The University of Cincinnati Develops an Algorithm for Securing Electronics Hardware

2 weeks ago by Misha Khan

Every day engineers are improving security technologies. However, hackers always devise ways to break security barriers.

Addressing the various security issues in devices, a University of Cincinnati research team has developed an algorithm for providing an extra layer of protection, security, and safety for future connected devices.

The main aim of the University of Cincinnati’s (UC) research was to provide, at the hardware level, extra layers of security and protection against hacker attacks.

Accordingly, the UC researchers developed an algorithm that serves as a mode of defence for hardware against data-stealing attacks. Hackers tend to detect electromagnetic power and variations of power present in electronic devices under the proposed attacks, and these detected variations are then used for stealing the encrypted data.

 

University of Cincinnati professor Ranga Vemuri

In a University of Cincinnati’s laboratory, Professor Ranga Vemuri discusses research with a graduate student in the presence of a laptop and other research equipment. Image Credit: Corrie Stookey/CEAS Marketing via UC News.

 

Securing Electronic Devices Using an Algorithm

As the University of Wyoming’s Ph.D graduate Mike Borowczak explains:

“Regardless of how secure you can make your software, if your hardware leaks information, you can basically bypass all those security mechanisms”.

In regards to the said security issues, lead researchers Borowczak and Professor Ranga Vemuri analysed the designs of various devices with the aim of securing their respective hardware.

They restricted the designs and coded the devices in such a way that they are not susceptible to data leakage. To attain this objective, the team’s algorithm was developed to provide security for hardware, and so the researchers took the design specification and re-evaluated it at the algorithmic level.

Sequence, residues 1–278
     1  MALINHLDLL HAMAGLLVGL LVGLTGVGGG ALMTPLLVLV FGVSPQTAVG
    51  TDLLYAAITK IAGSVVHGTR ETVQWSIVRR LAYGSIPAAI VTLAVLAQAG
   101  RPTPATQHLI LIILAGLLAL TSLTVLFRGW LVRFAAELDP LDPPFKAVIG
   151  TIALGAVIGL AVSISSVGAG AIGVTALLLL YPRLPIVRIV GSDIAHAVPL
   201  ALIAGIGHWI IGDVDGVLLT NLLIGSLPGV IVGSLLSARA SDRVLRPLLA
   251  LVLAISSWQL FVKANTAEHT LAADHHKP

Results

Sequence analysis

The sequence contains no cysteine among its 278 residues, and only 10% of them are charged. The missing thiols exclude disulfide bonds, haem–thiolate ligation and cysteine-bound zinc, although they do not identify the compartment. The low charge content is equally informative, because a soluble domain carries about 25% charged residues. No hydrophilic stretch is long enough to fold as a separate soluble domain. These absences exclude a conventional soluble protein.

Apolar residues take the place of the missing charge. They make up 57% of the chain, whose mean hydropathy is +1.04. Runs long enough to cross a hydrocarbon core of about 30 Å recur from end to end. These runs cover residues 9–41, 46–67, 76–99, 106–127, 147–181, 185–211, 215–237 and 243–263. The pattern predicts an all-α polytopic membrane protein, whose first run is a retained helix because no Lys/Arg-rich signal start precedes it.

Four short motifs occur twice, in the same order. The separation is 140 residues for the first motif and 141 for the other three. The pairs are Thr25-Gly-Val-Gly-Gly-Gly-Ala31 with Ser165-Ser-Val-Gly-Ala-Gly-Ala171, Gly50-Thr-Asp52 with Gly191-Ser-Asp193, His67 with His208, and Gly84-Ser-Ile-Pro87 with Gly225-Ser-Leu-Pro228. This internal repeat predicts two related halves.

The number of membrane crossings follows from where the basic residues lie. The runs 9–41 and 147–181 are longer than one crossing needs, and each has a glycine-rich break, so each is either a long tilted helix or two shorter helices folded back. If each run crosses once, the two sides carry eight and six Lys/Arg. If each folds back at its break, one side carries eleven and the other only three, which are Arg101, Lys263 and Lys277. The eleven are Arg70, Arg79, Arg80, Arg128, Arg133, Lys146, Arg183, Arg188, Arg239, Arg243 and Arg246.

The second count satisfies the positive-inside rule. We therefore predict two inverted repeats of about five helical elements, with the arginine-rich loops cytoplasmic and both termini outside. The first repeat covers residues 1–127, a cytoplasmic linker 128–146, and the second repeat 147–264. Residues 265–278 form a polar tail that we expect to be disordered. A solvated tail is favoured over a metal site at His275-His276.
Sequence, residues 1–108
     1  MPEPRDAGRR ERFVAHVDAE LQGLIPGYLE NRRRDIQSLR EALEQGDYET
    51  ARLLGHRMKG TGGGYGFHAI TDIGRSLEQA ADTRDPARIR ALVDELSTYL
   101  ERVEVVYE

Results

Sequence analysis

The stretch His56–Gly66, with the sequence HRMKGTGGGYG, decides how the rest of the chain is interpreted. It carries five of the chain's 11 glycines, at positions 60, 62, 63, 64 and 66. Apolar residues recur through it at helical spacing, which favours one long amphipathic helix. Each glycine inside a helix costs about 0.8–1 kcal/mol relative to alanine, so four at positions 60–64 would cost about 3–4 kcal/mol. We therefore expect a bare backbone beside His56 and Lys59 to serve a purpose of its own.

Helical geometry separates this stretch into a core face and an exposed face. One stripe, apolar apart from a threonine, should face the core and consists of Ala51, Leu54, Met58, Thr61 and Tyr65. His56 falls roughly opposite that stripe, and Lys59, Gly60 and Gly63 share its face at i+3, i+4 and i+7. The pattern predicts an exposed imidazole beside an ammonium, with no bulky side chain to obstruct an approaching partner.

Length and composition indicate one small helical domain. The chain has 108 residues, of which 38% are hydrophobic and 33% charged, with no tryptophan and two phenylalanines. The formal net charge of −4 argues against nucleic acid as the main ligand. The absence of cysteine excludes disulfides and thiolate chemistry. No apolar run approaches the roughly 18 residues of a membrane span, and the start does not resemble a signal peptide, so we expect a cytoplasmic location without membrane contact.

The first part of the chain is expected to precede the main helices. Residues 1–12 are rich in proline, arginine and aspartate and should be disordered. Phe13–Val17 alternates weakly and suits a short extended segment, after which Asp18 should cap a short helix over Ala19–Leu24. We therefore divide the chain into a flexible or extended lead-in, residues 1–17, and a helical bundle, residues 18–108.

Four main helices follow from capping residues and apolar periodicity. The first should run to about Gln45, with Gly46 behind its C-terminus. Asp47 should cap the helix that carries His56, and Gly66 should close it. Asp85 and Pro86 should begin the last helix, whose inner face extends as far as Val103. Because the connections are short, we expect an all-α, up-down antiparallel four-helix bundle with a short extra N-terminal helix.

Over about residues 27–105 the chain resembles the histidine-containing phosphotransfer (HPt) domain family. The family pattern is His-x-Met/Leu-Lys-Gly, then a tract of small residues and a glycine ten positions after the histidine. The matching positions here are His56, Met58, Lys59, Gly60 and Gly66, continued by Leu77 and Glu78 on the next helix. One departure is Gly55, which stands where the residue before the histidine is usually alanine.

Early Experimentation of the Algorithm

The design choice was made with the knowledge that, no matter how the algorithm is implemented, it will draw the same amount of power in every cycle. The experimental algorithm, therefore, saw that the amount of consumed power was equalised across all cycles.

Given this dynamic, even if hackers were to gain access to the relevant power measurements, they won’t be able to do anything. This algorithm is therefore set to further secure various electronic devices by fabricating them with a more automated restructured design. The research is fundamentally automating the whole process, instead of requiring each hardware component to be manually secured.

On top of this, devices that are going to be either protected or created with the algorithm’s implementation will use only 5% more power when compared to an insecure device.

 

A laptop with a small padlock sitting on it.

The algorithm developed by the UC researchers is designed to defend against common side-channel attacks on electronics hardware. 

 

How Will The Algorithm Improve Security for Electronics?

Modern electronics are becoming more advanced every day. There was a time when devices used to rely on passwords, but now, the security of devices has reached a new frontier.

Passwords have been taken over by face recognition software, biometrics, and so on. While all these security measures protect software, this is just one part of any electronic device. Hardware is also prone to security attacks, of course.

In fact, if the data or information is leaked out from the hardware side, all the security mechanisms are bypassed. All existing devices, such as cable boxes, remote car keys, and credit card chips, etc, are subjected to hardware attacks. This is due to the presence of vulnerable parameters in their respective designs.

 

Design Choices That Cause Vulnerabilities 

Engineers stress and act on the importance of lightweight, size and minimal power optimisation in devices. Nevertheless, such devices are vulnerable to attacks because the process of encoding and decoding in them is drawing more power and is emitting more electromagnetic radiation.

Such radiation eventually creates a unique pattern and this is one of the things that hackers look for when stealing device users’ information. Again, UC’s developed algorithm is addressing hardware security issues, as opposed to just focusing on software.

With this algorithm, therefore, devices will become more restructured and more secure. This may well facilitate new technologies with an enhanced, automated design. Ultimately, therefore, the University of Cincinnati has developed an algorithm that is set to provide future electronic devices with an extra layer of safety, protection, and security. 

Comments